COP26 – Let’s Open The Conversation

Glasgow is the centre of where change could and should be happening.

Today is the start of the long awaited COP26 summit on climate change, which is being held in Glasgow. I have enjoyed Blogtober and this is my final post of the month, but there is no doubt that my blog will change its focus slightly for a fortnight as I want to make sure we engage in conversations about climate change, especially during this vital conference of international leaders.

Why does it matter so much?

I think this is really easy to answer. There is nothing more important than this issue right now. As scientists and commentators agree, we have very little time to turn things around, but there is still a chance that we can begin to slow down the most devastating effects of increased global temperatures.

Greta Thunberg was being interviewed by Andrew Marr this morning and she gave a robust interview about the upcoming summit. When asked if she thinks world leaders such as Biden are doing nearly enough, she made it clear that public opinion is the most important player in this. Politicians will make token gestures but they will only implement difficult changes when the public demand it.

While Biden does make good gestures, there is still obvious funding for fossil fuel expansion, as there is in Britain. In the UK, reducing taxes on short flights is not the most positive measure at a time like this. We should be supporting public transport, making trains much more affordable. As it stands, a train ticket from London to Glasgow is £170 for a single one-way ticket, whereas a plane ticket would be merely £45.

So, let’s start taking notice and engage with the content that emerges during this conference. I urge fellow bloggers to mention climate change within their forthcoming posts and for everybody to get involved with discussions and forums. We, the public, can influence change ourselves and, while small changes to our daily lives can make tiny differences, we need to push for a huge implementation of carbon reducing policies right now.

If we don’t contain temperature rises to 1.5 degrees C then billions of people will suffer from heatwaves, flooding and even loss of territory. Some islands will be submerged in water, many forests will be lost and our agricultural capacity will be greatly reduced.

OK. I have said my piece, for now. It isn’t an easy message to get across and people like everything to be positive these days, but climate change is a real emergency. An absolute crisis. We need to shout about it and make sure we protect species, biomes and our future on this planet.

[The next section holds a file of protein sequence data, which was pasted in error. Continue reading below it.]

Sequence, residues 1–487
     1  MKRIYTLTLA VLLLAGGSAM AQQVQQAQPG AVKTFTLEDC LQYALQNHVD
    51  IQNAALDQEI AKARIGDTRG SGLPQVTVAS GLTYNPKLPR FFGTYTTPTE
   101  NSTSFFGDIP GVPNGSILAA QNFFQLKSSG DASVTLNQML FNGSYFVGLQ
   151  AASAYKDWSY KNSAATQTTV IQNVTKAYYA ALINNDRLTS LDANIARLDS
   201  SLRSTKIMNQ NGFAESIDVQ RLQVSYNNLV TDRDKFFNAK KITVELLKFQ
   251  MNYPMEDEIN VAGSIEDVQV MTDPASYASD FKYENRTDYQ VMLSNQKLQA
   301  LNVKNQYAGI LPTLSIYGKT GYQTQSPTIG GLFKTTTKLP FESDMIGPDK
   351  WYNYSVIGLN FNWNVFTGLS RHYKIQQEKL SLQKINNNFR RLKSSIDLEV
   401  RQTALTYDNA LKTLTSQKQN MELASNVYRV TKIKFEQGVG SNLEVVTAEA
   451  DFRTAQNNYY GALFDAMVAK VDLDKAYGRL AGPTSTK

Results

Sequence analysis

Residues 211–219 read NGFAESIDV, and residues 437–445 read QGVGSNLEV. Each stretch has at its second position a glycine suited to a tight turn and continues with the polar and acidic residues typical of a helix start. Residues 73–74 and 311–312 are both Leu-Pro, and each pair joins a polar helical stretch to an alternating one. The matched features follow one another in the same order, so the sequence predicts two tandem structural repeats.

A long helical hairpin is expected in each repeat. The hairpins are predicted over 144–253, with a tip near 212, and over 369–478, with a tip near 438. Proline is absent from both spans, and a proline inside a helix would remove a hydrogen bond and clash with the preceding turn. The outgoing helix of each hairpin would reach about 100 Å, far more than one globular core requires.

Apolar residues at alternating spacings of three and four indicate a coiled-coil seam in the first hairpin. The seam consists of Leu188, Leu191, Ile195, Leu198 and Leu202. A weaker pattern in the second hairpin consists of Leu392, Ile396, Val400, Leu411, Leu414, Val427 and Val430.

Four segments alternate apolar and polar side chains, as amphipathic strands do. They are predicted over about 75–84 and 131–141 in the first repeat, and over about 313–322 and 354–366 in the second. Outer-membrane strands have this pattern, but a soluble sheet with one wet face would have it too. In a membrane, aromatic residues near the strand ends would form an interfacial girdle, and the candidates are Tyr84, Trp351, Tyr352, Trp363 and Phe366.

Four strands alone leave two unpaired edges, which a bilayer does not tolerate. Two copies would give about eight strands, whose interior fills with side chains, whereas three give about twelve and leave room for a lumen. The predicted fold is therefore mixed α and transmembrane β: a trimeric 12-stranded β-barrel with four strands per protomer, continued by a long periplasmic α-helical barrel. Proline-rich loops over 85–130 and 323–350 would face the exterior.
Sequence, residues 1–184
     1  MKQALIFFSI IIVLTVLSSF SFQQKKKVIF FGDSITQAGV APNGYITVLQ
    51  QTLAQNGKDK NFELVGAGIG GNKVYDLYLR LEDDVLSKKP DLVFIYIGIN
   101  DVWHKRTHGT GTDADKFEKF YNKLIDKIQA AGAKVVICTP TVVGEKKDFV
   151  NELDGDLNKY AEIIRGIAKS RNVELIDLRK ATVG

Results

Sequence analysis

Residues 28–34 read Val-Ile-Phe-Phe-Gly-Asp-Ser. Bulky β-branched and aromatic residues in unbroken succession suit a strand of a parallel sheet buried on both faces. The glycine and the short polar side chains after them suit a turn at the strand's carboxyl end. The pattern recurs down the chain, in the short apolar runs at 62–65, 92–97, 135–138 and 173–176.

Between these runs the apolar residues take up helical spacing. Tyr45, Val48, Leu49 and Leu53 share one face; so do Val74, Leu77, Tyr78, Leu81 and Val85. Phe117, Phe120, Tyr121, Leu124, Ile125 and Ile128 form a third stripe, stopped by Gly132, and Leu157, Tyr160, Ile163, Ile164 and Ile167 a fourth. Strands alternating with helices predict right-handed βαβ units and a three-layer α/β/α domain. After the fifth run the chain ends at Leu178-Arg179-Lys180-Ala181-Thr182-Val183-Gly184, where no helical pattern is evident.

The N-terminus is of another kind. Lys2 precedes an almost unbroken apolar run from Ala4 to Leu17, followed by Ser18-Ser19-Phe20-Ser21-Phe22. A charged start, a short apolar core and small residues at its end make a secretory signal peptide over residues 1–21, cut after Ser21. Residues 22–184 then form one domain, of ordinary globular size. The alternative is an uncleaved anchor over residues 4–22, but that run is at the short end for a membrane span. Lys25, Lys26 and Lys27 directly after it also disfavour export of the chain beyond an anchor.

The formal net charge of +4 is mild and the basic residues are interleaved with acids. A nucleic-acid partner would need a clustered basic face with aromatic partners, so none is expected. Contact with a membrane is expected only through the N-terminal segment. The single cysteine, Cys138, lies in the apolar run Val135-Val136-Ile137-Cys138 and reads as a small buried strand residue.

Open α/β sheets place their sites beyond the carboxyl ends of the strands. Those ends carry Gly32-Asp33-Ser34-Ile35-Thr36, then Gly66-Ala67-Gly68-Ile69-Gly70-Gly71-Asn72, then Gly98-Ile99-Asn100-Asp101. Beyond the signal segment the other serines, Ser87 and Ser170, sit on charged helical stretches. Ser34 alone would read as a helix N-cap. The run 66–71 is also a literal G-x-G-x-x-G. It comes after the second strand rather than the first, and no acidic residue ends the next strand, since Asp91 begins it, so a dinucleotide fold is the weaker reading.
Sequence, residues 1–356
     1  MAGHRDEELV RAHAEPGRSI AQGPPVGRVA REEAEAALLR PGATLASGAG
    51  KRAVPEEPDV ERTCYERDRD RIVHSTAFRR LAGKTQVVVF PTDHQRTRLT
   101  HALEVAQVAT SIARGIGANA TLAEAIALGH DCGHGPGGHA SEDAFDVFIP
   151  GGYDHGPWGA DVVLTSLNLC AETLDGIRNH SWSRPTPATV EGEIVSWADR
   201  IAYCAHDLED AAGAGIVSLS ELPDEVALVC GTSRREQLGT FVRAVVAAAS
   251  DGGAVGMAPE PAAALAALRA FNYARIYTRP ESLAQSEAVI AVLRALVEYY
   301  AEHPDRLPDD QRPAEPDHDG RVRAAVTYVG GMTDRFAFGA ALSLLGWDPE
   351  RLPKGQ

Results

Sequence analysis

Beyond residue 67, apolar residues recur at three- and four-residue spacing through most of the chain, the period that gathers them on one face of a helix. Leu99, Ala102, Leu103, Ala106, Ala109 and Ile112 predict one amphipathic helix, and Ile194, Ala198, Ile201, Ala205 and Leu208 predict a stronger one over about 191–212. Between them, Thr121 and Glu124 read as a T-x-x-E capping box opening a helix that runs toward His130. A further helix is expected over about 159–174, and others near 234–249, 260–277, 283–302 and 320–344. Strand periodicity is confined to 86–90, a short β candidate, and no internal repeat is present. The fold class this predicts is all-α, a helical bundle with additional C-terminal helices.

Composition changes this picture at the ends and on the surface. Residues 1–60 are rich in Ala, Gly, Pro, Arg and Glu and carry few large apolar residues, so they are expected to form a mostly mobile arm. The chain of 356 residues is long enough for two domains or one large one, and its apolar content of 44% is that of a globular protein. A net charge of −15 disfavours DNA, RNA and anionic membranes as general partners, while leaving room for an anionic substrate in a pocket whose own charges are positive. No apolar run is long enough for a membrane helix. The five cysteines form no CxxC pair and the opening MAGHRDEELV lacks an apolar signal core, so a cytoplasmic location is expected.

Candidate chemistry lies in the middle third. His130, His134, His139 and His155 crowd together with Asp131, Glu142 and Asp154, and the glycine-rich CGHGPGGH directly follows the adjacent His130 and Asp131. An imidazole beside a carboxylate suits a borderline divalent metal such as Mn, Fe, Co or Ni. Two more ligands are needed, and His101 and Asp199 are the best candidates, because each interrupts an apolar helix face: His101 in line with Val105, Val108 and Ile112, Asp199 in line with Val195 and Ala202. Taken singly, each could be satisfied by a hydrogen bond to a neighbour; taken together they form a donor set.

For a previous post about why climate change matters, click here. Please comment beneath and talk about whether or not you feel well informed about climate change or whether you feel your government is acting upon it. I would love to know local examples of significant change.

12 thoughts on “COP26 – Let’s Open The Conversation

  1. It’s good that you are into this climate change issue. It’s important. Climate change brings a lot of impact to our future. Thank you for sharing this information you received. Good post.

  2. We drove from Edinburgh to Cheshire on Friday and counted well over 100 police mini buses heading North from constabularies all over. It seems like there’s a significant security concern about the conference – doubtless valid, but withdrawing a lot of resources from other areas too. This comment isn’t really on topic, sorry, but just thinking about the wider impact of hosting an international conference of this importance.

  3. Yes absolutely it needs to be taken seriously, no argument there from me. I felt so guilty all week in Edinburgh because there was no recycling facility in the AirBnB and I recycle almost everything at home.

  4. Great post Jamie, I hope we actual action not just empty statements – for one throw the plans for a new coal mine Cumbria out right now, the fact it was given the go ahead before a public inquiry was called kinda sums up where we are on climate change and how seriously it’s taken

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